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Things Learned At: Donaufestival
Tristan Bath , June 19th, 2018 15:13

To Donaufestival: the reliable core of the Austrian musical calendar, for expat music weirdos and their music weirdo friends

Matana Roberts photographed by Clara Wildberger

They’re all indie now

It’s a sunny day in May, and I’m standing for the third year in a row inside the belly of the Klangraum Krems - a venue located inside a sonically advantageous old church in the middle of Austria. The Donaufestival, held annually over two weekends in the Austrian town of Krems an der Donau, has garnered a stellar reputation for both bold curation and for scoring some of the biggest names in the global underground. This year’s no exception, considering I’m currently watching Circuit des Yeux inside the church’s stone innards. I also get to see James Holden, Perc, Big|Brave, Puce Mary, and Ex Eye, to name just a few.

While most of the woke European festivals have taken on the disastrous atmosphere of the last few years headfirst as a newly discovered raison d’être , Donaufestival feels like a diamond in the rough. It’s not quite isolated, but rather comfortingly and defiantly unmoved. The idea of social responsibility is one thing, but the amount of strength one can draw from an artist blazing a new trail all their own, on building their own fate, and being given the opportunity to have complete control over their music and little else, is gigantic. When I was younger and more innocent (read: ‘somewhat thicker and a lot less cynical’) I once thought that the term ‘independent musicians’ referred directly to the actual way they made their music, and had nothing to do with labels, money, and other things I blissfully had no knowledge of.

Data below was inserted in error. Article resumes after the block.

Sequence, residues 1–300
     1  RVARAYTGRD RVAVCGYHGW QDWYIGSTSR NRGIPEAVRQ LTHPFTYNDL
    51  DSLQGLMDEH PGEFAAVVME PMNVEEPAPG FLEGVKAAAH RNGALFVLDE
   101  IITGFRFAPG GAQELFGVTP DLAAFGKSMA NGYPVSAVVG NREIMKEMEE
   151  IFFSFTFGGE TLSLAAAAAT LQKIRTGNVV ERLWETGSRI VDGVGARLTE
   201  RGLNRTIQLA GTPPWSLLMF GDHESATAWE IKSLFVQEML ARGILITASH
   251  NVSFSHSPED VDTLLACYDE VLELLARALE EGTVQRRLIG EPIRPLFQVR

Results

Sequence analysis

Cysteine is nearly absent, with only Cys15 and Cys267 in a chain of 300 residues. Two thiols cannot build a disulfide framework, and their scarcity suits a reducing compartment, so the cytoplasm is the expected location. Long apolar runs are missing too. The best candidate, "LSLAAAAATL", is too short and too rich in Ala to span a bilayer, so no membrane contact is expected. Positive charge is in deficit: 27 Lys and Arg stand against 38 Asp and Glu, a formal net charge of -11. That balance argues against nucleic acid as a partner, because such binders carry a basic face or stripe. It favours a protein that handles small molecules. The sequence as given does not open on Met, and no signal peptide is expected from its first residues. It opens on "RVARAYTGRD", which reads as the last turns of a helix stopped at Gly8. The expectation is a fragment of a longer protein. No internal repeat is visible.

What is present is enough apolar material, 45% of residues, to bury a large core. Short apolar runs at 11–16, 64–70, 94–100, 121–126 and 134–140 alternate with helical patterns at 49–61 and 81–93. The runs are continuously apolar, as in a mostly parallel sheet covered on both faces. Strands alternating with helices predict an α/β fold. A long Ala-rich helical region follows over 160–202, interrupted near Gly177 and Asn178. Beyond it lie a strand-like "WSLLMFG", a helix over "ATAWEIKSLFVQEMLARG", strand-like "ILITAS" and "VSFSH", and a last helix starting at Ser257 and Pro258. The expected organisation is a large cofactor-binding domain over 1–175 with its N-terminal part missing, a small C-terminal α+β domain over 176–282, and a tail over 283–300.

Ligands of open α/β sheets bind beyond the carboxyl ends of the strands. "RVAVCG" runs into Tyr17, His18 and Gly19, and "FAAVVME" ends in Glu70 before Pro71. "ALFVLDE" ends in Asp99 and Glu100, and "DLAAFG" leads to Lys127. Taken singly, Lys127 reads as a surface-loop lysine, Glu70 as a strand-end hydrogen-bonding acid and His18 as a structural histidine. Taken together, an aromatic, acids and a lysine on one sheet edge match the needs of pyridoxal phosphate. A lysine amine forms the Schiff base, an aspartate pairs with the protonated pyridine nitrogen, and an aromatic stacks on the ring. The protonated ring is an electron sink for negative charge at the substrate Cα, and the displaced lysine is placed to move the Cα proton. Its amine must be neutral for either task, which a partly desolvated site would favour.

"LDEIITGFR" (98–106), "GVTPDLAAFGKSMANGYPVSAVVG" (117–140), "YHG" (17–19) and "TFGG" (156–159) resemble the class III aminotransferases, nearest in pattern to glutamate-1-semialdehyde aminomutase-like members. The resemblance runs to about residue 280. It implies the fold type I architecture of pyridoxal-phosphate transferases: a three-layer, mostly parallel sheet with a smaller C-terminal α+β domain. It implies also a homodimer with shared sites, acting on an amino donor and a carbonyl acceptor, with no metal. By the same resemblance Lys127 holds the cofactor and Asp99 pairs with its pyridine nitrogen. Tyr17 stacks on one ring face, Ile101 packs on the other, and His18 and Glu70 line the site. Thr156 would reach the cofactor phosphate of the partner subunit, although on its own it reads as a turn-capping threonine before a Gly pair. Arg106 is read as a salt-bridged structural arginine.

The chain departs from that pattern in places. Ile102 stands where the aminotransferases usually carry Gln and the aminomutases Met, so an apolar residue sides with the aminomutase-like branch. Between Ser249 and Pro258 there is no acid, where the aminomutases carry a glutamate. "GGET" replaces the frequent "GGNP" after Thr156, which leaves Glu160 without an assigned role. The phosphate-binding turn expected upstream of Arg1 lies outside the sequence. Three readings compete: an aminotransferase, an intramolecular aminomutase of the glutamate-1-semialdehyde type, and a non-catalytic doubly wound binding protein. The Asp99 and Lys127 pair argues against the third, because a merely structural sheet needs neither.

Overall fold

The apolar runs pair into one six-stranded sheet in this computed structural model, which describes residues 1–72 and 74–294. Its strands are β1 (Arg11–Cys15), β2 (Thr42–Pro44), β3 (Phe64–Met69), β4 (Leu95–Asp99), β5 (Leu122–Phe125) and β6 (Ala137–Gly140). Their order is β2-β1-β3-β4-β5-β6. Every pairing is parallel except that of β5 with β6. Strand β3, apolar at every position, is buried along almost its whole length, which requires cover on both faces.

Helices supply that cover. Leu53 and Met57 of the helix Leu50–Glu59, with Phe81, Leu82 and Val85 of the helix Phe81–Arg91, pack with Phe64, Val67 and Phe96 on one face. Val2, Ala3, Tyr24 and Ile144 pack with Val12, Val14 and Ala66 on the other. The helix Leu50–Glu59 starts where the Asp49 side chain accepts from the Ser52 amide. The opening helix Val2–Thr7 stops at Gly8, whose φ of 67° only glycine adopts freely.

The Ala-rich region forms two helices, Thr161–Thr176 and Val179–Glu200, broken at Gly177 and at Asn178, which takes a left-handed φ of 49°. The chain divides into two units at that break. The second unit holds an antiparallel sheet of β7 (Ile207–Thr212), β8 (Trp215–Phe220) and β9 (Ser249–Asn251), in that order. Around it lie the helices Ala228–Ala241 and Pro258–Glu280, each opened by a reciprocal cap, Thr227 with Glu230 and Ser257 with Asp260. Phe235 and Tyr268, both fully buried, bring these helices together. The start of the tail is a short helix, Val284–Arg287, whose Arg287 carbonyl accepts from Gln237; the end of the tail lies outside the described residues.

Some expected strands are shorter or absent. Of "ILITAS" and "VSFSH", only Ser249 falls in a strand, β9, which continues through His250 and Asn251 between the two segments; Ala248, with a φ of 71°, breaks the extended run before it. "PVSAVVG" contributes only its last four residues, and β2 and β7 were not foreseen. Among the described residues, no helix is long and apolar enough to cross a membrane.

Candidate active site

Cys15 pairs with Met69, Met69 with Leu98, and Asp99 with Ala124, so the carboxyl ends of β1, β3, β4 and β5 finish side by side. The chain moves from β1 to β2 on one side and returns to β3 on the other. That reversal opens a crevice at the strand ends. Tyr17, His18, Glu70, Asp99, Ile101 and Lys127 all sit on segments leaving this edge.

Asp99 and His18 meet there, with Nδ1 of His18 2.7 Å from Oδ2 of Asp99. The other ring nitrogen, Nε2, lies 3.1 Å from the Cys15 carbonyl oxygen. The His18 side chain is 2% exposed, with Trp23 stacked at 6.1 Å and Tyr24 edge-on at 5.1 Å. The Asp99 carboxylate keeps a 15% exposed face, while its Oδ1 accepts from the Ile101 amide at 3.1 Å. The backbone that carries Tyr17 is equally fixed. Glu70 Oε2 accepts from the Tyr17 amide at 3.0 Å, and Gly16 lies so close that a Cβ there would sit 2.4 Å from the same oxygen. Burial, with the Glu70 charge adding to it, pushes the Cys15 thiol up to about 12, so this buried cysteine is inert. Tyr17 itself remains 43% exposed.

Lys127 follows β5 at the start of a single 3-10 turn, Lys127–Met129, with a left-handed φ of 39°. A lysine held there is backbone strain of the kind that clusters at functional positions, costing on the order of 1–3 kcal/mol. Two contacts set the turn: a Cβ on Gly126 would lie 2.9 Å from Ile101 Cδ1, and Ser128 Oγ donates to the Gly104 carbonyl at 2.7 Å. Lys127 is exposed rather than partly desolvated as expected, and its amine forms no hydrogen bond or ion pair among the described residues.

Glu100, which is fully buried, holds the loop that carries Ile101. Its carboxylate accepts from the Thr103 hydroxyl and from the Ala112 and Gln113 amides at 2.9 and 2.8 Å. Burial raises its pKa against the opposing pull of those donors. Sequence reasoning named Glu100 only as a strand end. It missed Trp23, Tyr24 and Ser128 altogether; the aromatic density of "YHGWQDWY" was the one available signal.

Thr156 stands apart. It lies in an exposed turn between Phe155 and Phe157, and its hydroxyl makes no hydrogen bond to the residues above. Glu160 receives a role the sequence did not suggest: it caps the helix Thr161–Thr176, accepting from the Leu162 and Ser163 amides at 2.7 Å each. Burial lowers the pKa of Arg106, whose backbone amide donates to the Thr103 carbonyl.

During several sets at 2018’s Donaufestival, I find myself recalling this naïve misconception, of a purely artistic rather than financial or business independence. Most of the acts are deep down genre side-alleys, or outright lost in alien landscapes of their own incomparable creation. There’s little-to-none of the arts-council-targeted stuff contextualising the artists as confronting some all-important issue head on. The artists are simply given a time and place to play for money - which is, in the century of information overload and cancerous austerity, quite the godsend.